Saturday, January 30, 2010

mpeg toc maker

I got tired of having Cinelerra hang while create table of contents files for a list MPEG videos. So I wrote my own script to create the table of contents files for a list of MPEGs in a directory. Once you specify the LIST, the script plops the table of contents files in your users' .bcast directory in ~/.bcast.

I output the file name, start time, end time and elapsed time for the table of contents creation. This output looks like this:

SCRIPTSTART: 20100130_121201
FILE: mvi_0703.m2t START: 20100130_121201 END: 20100130_121204 TIME(s): 3
FILE: mvi_0705.m2t START: 20100130_121204 END: 20100130_121222 TIME(s): 18
FILE: mvi_0706.m2t START: 20100130_121222 END: 20100130_121255 TIME(s): 33
FILE: mvi_0708.m2t START: 20100130_121255 END: 20100130_121325 TIME(s): 30
FILE: mvi_0709.m2t START: 20100130_121325 END: 20100130_121341 TIME(s): 16
FILE: mvi_0710.m2t START: 20100130_121341 END: 20100130_121347 TIME(s): 6
FILE: mvi_0711.m2t START: 20100130_121347 END: 20100130_121401 TIME(s): 14
FILE: mvi_0713.m2t START: 20100130_121401 END: 20100130_121403 TIME(s): 2
FILE: mvi_0714.m2t START: 20100130_121403 END: 20100130_121415 TIME(s): 12
FILE: mvi_0715.m2t START: 20100130_121415 END: 20100130_121415 TIME(s): 0
FILE: mvi_0716.m2t START: 20100130_121416 END: 20100130_121416 TIME(s): 0
FILE: mvi_0717.m2t START: 20100130_121416 END: 20100130_121421 TIME(s): 5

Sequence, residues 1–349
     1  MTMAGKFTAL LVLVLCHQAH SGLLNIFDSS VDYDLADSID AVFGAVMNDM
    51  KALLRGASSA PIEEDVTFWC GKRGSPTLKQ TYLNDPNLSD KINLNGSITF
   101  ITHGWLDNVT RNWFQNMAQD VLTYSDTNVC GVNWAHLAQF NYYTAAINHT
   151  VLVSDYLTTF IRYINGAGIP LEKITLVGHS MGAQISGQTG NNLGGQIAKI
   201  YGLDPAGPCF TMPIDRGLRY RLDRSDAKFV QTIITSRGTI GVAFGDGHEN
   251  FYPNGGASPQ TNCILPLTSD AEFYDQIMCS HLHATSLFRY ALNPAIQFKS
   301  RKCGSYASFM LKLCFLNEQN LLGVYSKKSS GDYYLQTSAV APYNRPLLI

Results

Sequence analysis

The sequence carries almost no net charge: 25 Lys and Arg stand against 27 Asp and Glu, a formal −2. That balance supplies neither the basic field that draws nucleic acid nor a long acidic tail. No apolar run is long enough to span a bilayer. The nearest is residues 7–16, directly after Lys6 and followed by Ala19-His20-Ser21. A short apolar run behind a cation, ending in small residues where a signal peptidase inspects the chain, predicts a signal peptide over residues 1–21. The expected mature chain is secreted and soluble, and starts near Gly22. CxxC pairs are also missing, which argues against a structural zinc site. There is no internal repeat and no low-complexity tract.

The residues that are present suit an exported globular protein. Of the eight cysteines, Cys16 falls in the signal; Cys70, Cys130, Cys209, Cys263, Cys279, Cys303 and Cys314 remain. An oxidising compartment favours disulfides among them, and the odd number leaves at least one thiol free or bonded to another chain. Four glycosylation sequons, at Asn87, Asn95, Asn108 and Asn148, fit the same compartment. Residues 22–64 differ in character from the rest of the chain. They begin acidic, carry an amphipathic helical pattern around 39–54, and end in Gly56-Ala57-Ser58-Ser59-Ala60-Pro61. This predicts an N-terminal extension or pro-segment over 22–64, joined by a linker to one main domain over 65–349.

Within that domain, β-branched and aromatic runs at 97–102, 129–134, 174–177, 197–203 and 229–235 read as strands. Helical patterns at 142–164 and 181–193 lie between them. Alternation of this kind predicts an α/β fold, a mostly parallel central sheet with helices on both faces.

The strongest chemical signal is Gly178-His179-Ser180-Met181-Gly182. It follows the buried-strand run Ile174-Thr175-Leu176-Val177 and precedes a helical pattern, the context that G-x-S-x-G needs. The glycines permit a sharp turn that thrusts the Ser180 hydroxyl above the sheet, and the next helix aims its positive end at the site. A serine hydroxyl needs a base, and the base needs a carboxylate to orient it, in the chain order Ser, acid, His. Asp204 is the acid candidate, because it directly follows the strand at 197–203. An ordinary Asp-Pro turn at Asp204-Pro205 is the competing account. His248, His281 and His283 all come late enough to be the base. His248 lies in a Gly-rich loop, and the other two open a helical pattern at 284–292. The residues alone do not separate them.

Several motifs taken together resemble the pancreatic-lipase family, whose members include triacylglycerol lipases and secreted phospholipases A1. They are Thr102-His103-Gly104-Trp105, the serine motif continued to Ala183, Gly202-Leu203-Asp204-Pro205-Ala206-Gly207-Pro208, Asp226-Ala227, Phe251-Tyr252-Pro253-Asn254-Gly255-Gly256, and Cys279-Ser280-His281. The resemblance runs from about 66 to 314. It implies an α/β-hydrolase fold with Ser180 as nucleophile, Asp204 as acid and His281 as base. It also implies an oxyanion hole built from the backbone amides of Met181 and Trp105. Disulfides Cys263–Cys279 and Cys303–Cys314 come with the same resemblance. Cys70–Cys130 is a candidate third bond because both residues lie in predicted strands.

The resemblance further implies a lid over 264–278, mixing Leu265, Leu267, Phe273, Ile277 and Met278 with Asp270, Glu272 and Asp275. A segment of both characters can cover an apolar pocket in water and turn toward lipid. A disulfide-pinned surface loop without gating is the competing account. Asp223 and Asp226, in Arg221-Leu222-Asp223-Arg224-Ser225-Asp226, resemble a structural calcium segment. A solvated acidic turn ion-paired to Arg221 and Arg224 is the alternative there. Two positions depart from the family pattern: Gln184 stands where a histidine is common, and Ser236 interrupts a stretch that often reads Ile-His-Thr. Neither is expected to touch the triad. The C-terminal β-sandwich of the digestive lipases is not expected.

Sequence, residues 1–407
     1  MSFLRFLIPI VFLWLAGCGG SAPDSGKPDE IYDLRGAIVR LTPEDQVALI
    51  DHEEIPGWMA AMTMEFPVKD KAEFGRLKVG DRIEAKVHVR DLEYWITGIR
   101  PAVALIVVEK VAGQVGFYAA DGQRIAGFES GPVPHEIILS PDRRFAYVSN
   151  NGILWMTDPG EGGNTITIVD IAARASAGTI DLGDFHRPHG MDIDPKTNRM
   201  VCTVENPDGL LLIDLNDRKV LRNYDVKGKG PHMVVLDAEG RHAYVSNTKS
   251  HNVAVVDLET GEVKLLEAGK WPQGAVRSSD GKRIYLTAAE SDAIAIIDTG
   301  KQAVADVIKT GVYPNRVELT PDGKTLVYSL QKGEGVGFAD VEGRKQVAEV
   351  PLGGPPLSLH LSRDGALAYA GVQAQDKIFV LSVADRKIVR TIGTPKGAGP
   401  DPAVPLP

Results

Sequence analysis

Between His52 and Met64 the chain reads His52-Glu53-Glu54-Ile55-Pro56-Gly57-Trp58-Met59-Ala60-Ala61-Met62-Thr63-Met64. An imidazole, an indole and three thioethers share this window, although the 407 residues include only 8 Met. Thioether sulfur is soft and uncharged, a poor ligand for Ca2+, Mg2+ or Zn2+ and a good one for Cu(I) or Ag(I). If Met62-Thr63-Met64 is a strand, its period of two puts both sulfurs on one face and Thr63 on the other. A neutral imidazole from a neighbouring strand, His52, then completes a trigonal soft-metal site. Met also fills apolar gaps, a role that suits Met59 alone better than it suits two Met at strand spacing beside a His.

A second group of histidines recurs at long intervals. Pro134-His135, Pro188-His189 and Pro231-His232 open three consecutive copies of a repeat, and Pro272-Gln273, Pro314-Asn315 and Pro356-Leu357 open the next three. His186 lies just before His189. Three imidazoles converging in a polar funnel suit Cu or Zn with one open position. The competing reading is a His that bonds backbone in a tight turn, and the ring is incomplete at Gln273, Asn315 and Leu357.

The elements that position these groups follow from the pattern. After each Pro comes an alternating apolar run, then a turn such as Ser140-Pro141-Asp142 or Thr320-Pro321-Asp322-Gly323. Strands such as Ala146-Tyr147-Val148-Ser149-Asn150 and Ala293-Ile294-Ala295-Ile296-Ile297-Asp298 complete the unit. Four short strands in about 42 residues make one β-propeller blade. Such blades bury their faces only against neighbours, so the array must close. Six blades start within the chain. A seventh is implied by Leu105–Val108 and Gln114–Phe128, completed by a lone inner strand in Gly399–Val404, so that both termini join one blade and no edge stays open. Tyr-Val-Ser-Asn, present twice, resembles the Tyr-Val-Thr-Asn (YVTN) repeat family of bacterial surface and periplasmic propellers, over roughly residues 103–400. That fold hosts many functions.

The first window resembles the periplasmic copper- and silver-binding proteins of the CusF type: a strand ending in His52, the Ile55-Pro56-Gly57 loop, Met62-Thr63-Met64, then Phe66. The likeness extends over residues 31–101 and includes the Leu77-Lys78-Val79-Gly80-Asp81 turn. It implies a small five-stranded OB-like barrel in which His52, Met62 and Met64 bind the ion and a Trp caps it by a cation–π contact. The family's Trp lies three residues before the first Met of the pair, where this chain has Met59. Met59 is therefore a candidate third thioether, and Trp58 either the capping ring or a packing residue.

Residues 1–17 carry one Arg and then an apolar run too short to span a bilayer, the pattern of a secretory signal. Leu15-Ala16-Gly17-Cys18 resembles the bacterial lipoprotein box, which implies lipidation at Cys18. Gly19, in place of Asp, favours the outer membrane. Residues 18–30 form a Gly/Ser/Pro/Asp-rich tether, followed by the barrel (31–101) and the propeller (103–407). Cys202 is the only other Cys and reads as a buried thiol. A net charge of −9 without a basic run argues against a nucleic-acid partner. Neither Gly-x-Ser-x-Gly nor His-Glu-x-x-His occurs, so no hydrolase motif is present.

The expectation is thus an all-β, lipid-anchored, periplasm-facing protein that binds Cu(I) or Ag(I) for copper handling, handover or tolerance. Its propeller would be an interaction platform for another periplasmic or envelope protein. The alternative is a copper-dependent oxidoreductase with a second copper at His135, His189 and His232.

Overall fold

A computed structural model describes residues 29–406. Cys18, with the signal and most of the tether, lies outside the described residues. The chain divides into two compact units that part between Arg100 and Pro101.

FILE: mvi_0718.m2t START: 20100130_121421 END: 20100130_121442 TIME(s): 21
FILE: mvi_0719.m2t START: 20100130_121442 END: 20100130_121442 TIME(s): 0
FILE: mvi_0720.m2t START: 20100130_121442 END: 20100130_121446 TIME(s): 4
FILE: mvi_0721.m2t START: 20100130_121446 END: 20100130_121449 TIME(s): 3
FILE: mvi_0722.m2t START: 20100130_121449 END: 20100130_121454 TIME(s): 5
FILE: mvi_0724.m2t START: 20100130_121454 END: 20100130_121455 TIME(s): 1
FILE: mvi_0725.m2t START: 20100130_121455 END: 20100130_121507 TIME(s): 12
FILE: mvi_0727.m2t START: 20100130_121507 END: 20100130_121515 TIME(s): 8
FILE: mvi_0728.m2t START: 20100130_121515 END: 20100130_121531 TIME(s): 16
FILE: mvi_0730.m2t START: 20100130_121531 END: 20100130_121534 TIME(s): 3
FILE: mvi_0731.m2t START: 20100130_121534 END: 20100130_121535 TIME(s): 1
SCRIPTEND: 20100130_121535 RUNTIME(s): 213

*** Update 2010/05/28 ***
I added a little logic to the beginning of the script that checks for the presence of a single argument to the script. That argument is the name of a single file to convert. So now, you have two choices:
1) convert a list of mpeg files as specified in the LIST variable or
2) convert a single file via the command line like so:
./ videoToConvert.m2t
*** end update ***

Here is the script:

# Author: SCF
# Website:
# Purpose: This script builds the table of contents files for a list of mpeg files